Some weeks back, when Mayor Willie Herenton first commissioned a feasibility study on the possible sale of Memphis Light, Gas and Water, we were cautiously open-minded. The mayors plan to seek more information on the value of our city-owned utility seemed justifiable in light of upcoming utility deregulation. But not now, a week or so after the mayor floated and quickly retracted the idea of selling MLGW without a voter referendum.
If we hadnt already known the fact, the episode demonstrated clearly that opposition to the sale cuts wide and deep among the populace. Memphians, who currently enjoy some of the lowest rates in the country, seem mightily disinclined to put control of their utility bills in the hands of private enterprise. Nor do they seem the least bit tempted by the supposed financial windfall that might thereby fall into city coffers. They seem convinced that the money would be subject to political vagaries and wouldnt necessarily be funneled back into the pocketbooks of the people. City council members, having heard at length from their constituents, have shown little to no support for Herentons proposal. Rival politicians, harboring past- or future-tense quarrels with the mayor, made it clear they were ready to rock and roll with the MLGW issue especially after the mayors ill-considered floating of the no-referendum idea. In short, with the notable exceptions of the Morgan Keegan brokerage firm and Philadelphia consultant-at-large Rotan Lee, the mayor stands pretty much alone on this one.
Mayor Herenton would have been well advised to be specific, at least, about how the city would use any financial windfall perhaps in the definite prospect of a property-tax decrease, for example, or with a pledge to use the money to hire more police or teachers. But all of this now seems moot. No matter how the mayor spins the sale of MLGW, the citizens of Memphis just arent buying it. Even holding a referendum would seem to be a waste of time, energy, and more money. n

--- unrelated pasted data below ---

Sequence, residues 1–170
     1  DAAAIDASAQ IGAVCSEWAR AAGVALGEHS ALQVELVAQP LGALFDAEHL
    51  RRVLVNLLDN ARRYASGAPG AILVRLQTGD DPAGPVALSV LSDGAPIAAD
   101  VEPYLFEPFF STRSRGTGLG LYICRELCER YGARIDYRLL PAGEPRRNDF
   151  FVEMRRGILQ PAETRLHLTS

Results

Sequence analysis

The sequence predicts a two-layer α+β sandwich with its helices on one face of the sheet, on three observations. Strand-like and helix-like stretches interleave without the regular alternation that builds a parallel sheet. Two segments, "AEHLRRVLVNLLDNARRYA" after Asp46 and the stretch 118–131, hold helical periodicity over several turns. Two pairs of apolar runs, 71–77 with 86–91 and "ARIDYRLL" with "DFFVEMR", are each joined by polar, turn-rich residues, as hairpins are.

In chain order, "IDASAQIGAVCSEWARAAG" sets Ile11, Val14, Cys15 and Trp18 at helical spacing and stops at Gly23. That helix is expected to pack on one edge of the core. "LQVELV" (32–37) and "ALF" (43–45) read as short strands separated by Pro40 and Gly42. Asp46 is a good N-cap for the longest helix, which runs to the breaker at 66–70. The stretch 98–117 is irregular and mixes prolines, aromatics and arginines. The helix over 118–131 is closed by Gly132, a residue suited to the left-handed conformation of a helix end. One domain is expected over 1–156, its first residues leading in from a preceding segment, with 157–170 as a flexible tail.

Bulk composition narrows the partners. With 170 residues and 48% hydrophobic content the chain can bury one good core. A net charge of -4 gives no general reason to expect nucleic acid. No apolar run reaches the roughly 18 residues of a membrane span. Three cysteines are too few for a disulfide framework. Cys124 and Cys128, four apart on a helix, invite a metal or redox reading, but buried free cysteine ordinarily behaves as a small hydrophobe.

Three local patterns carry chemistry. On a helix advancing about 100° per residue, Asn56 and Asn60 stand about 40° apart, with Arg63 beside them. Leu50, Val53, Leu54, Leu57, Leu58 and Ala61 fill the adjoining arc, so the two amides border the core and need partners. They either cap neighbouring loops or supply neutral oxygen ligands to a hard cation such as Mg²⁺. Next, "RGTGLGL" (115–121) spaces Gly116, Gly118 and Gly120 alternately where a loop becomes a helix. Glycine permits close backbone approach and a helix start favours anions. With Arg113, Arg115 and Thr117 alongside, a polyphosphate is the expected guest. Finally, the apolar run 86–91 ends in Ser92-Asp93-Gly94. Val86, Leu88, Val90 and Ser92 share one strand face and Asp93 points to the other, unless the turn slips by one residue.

From the very beginning, we had doubts about the wisdom of playing host for two years to the National Football Leagues itinerant Oilers, ex- of Houston and merely biding time until owner Bud Adams team can relocate in Nashville in 1999 with a new name and a new stadium. Our doubts were largely based on three decades worth of local disappointments with the NFL and on Adams suspect commitment to Memphis.
We recognize, however, that the Sports Authority bargained in good faith with the Oilers and that the team, in its first season here, actually did develop a bit of a local fan base. Moreover, terms of the two-year lease do confer some tangible financial benefits on the city.
Now it has become obvious that Adams and the NFL, abetted by Nashville Mayor Phil Bredesen, are angling hard to break that lease and to move the Oilers to Nashville a year early. We support attorney John Ryder, chairman Avron Fogelman, and the other principals of the Sports Authority 100 percent in their determination to hold the Oilers to what should be a binding contract for a second year in Memphis.
If Adams and the NFL insist on trying to slip out of their commitment, they can be sure that the local fan base for this would-be statewide team will slide all the way down to zero. And thats on top of the real and punitive damages well be entitled to collect. n
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